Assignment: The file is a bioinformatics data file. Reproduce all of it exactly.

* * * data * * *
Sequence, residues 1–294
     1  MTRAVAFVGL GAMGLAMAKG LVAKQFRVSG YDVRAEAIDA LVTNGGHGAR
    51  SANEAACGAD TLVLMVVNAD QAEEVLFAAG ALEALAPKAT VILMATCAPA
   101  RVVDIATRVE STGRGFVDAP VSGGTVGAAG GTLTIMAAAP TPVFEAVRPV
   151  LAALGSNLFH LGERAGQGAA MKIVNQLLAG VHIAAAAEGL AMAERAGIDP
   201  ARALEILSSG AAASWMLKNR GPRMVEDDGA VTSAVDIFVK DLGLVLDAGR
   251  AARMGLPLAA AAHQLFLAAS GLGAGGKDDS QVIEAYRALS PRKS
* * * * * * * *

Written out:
Sequence, residues 1–294
     1  MTRAVAFVGL GAMGLAMAKG LVAKQFRVSG YDVRAEAIDA LVTNGGHGAR
    51  SANEAACGAD TLVLMVVNAD QAEEVLFAAG ALEALAPKAT VILMATCAPA
   101  RVVDIATRVE STGRGFVDAP VSGGTVGAAG GTLTIMAAAP TPVFEAVRPV
   151  LAALGSNLFH LGERAGQGAA MKIVNQLLAG VHIAAAAEGL AMAERAGIDP
   201  ARALEILSSG AAASWMLKNR GPRMVEDDGA VTSAVDIFVK DLGLVLDAGR
   251  AARMGLPLAA AAHQLFLAAS GLGAGGKDDS QVIEAYRALS PRKS